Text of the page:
Baking 101 Baking powder and baking soda: Both baking powder and baking soda are chemical leavening…
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Bake: Cook in an oven using dry heat.
Bakers dozen: For bakers, a dozen of an item means 13 pieces.
Caramelized sugar or caramelize: To heat and melt sugar in a sauce pan until the sug-
ar turns brown and is ready to be drizzled on pastries or other baked goods.
Dough: A mixture of ingredients like butter, sugar and eggs. This is the base of many
baked desserts like cookies, breads and cakes.
Frost: Put on icing.
Glaze: Coating or brushing food with eggs, milk and sometimes sugar before the baking
Grease a pan: Brush some oil or butter onto the baking pan to prevent baked goods
from sticking. This is also done so you will have a perfect cookie or cake without forcing
it off the baking tray.
Pre-heat an oven: Turn on and heat up the oven 10-15 minutes before use in order to
equalize the temperature.
Kneading bread: Kneading develops long strands of proteins, also called gluten. When
the yeast is combined with liquid, it comes to life, starts eating the dough's starches,
reproduces, and causes the bread to rise. Both too little kneading or too much yeast will
cause the bread to fall during baking.
Pastry flour in cakes and cookies: For a tender
crust and interior crumb, many bakers use pastry
flour, which is low in protein.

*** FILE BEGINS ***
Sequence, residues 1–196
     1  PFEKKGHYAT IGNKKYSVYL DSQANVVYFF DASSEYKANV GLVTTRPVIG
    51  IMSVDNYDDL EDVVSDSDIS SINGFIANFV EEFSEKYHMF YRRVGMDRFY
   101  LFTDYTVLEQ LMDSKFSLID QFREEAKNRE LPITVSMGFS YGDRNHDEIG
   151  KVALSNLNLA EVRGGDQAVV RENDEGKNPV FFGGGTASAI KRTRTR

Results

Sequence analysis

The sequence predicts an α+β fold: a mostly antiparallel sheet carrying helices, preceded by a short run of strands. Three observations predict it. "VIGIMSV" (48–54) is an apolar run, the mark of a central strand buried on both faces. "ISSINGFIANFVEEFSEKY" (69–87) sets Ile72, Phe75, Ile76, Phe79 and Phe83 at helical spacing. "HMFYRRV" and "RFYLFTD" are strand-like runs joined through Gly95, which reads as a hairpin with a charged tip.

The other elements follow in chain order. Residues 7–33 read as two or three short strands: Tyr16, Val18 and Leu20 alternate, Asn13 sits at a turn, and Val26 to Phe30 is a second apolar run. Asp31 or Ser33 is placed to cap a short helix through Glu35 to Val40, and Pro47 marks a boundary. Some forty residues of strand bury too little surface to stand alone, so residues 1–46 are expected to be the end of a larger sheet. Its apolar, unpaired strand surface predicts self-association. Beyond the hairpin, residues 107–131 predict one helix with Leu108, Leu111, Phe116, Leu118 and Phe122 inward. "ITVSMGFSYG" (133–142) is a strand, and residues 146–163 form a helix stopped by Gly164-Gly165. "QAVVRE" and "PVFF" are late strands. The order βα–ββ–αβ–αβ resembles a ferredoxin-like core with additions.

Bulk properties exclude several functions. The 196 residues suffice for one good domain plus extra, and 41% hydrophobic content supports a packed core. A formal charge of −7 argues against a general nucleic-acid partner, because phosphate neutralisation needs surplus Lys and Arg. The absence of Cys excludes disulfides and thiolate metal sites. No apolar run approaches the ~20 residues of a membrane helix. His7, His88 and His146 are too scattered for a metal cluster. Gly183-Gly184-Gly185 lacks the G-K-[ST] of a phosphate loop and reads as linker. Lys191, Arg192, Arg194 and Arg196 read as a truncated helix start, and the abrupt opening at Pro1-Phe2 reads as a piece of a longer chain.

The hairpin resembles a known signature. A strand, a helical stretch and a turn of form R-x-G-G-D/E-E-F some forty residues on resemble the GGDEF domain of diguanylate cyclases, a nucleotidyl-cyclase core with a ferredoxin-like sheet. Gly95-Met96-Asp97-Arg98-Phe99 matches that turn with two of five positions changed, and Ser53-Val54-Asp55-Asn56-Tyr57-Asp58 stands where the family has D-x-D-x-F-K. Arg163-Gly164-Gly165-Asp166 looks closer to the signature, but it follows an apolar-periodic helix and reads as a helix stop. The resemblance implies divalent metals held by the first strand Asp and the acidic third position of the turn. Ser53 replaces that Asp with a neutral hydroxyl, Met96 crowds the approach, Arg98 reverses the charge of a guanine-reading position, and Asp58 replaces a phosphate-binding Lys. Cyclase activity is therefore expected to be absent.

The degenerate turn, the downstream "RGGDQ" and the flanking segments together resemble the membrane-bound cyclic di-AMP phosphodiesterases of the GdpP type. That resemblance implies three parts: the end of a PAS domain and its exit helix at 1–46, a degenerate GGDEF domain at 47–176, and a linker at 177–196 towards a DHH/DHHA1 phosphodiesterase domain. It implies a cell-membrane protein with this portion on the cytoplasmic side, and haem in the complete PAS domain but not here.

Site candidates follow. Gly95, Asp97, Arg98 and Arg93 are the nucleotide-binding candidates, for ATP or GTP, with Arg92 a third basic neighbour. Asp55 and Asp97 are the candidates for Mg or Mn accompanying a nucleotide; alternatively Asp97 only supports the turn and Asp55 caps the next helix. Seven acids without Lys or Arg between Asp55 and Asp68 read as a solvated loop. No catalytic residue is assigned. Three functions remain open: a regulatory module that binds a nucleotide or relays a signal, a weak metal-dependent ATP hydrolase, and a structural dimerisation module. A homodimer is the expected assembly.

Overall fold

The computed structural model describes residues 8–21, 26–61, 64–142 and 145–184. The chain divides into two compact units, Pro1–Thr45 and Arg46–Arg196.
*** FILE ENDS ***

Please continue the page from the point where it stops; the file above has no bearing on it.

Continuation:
Raw, clean eggs in meringues: When you beat
raw egg whites to make a souffl or a meringue,
you incorporate air bubbles into the water-protein
solution. Adding air bubbles to egg whites unfolds
egg proteins just like heating them. When an egg protein is up against an air bubble,
part of that protein is exposed to air and part is still in water. The protein uncurls so
that its water-loving parts can be immersed in the waterand its water-fearing parts can
stick in the air. Once the proteins uncurl, they bond with each other creating a network
that can hold the air bubbles in place.
Baking powder and baking soda: Both baking powder and baking soda are chemical
leavening agents that cause batters to rise when baked. The leavener enlarges the bub-
bles which are already present in the batter produced through creaming of ingredients.
When a recipe contains baking powder and baking soda, the baking powder does most
of the leavening. The baking soda is added to neutralize the acids in the recipe plus to
add tenderness and some leavening. When using baking powder or baking soda in a
recipe, make sure to sift or whisk with the other dry ingredients before adding to the
batter to ensure uniformity. Otherwise the baked good can have large holes.
Too much baking powder can cause the batter to be bitter tasting. It can also cause the
batter to rise rapidly and then collapse. Baking soda has an indefinite shelf life if stored